Did that stop companies from offering them? Or doctors from prescribing them? It did not. So a lot of women have paid a lot of money to have their saliva, urine, or blood analyzed as a way to predict when they would reach menopause. But all they got in return was a loose estimate based on unreliable results.
Adding a hormone called Anti-Mullerian Hormone (AMH) to the mix changed things. When we’re fetuses, AMH helps determine our gender. Once that’s set, in females it helps select the best follicles for egg production. This hormone doesn’t fluctuate during the menstrual cycle. Instead, it gradually dissipates as you blow through your eggs, finally bottoming out when you reach menopause.
That said, by the time you reach perimenopause, your AMH levels are already very low, “even below detectable limits” in the last five years of perimenopause. So traditional AMH tests weren’t really useful in predicting menopause. But the new AMH test that the FDA approved—the picoAMH test—is sensitive enough to detect these very low levels. And those results, in combination with a woman’s age, health history, and existing menopause symptoms, can help doctors with menopause expertise predict a woman’s final period. And you don’t have to wait until perimenopause to take the test. It can predict menopause starting at age 42, and the test in combination with a clinical evaluation of your symptoms can be helpful even earlier.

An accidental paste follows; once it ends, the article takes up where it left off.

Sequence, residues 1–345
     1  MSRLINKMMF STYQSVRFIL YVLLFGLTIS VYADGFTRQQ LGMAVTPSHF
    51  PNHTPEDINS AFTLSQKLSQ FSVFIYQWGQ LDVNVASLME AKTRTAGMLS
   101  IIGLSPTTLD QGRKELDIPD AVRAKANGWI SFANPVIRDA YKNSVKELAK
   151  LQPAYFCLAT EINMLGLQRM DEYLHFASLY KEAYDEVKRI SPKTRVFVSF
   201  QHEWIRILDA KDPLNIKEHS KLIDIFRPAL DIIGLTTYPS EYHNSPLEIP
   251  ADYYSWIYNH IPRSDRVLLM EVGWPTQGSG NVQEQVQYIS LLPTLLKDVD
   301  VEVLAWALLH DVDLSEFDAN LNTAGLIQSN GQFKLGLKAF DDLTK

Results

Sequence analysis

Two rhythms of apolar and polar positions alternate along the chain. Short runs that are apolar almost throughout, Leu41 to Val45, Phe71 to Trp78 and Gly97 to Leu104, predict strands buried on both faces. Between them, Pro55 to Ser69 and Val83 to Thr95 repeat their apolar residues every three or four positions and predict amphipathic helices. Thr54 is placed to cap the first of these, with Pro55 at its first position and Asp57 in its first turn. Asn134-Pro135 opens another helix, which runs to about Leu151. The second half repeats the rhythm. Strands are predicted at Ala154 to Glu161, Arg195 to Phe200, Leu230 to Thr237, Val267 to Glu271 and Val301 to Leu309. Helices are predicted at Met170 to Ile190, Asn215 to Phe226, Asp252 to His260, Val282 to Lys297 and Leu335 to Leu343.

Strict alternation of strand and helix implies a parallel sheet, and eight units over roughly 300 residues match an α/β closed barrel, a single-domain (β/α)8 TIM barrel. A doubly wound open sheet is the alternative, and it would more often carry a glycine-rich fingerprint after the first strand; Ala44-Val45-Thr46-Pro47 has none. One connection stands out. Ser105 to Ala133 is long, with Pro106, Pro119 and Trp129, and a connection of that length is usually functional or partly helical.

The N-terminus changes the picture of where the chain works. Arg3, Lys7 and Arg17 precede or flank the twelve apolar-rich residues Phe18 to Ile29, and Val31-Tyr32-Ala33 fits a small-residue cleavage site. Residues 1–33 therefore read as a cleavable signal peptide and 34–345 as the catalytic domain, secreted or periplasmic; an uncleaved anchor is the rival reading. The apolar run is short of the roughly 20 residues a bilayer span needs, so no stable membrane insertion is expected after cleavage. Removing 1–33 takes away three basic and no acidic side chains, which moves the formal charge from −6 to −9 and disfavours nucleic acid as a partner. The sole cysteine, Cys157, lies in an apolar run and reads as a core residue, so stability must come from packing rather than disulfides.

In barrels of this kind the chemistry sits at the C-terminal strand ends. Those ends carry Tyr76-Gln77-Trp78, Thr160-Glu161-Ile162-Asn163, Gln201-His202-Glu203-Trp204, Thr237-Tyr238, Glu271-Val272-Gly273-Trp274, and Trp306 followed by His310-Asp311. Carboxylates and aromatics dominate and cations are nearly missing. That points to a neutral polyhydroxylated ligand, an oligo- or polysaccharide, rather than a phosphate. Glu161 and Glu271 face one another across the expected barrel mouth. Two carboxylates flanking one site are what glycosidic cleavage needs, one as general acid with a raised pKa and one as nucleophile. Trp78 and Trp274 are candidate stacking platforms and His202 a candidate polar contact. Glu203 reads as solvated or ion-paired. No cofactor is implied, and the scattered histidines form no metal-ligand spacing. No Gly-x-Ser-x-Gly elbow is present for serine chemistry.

"Testing AMH, LH, and FSH, paired with other health data, provides our clinicians with the foundation for understanding when the transition to menopause and midlife will begin,” explains Dr. Taylor Sittler, Founder and CEO of The Cusp. “With that knowledge, we can develop personalized treatment plans that care for the whole woman, help her feel better, and optimize her health and wellbeing.”
At The Cusp, we welcome all of the new peer-reviewed research and vetted tools that help women gain knowledge about their health. If you’re interested in learning where you are on your menopause journey, we’re now offering the new picoAMH test, which you can take at home. Visit our site to learn more!
2. Zhu D, Chung H-F, Dobson AJ, Pandeya N, Giles GG, Bruinsma F, et al. Age at natural menopause and risk of incident cardiovascular disease: a pooled analysis of individual patient data. Lancet Public Health. 2019;4: e553–e564. doi:10.1016/S2468-2667(19)30155-0
6. Scheyer O, Rahman A, Hristov H, Berkowitz C, Isaacson RS, Diaz Brinton R, et al. Female Sex and Alzheimer’s Risk: The Menopause Connection. J Prev Alzheimers Dis. 2018;5: 225–230. doi:10.14283/jpad.2018.34
7. Candeias E, Duarte AI, Sebastião I, Fernandes MA, Plácido AI, Carvalho C, et al. Middle-Aged Diabetic Females and Males Present Distinct Susceptibility to Alzheimer Disease-like Pathology. Mol Neurobiol. 2017;54: 6471–6489. doi:10.1007/s12035-016-0155-1
9. Finkelstein JS, Lee H, Karlamangla A, Neer RM, Sluss PM, Burnett-Bowie S-AM, et al. Anti-Mullerian Hormone and Impending Menopause in Late Reproductive Age: The Study of Women’s Health Across the Nation. J Clin Endocrinol Metab. 2020. doi:10.1210/clinem/dgz283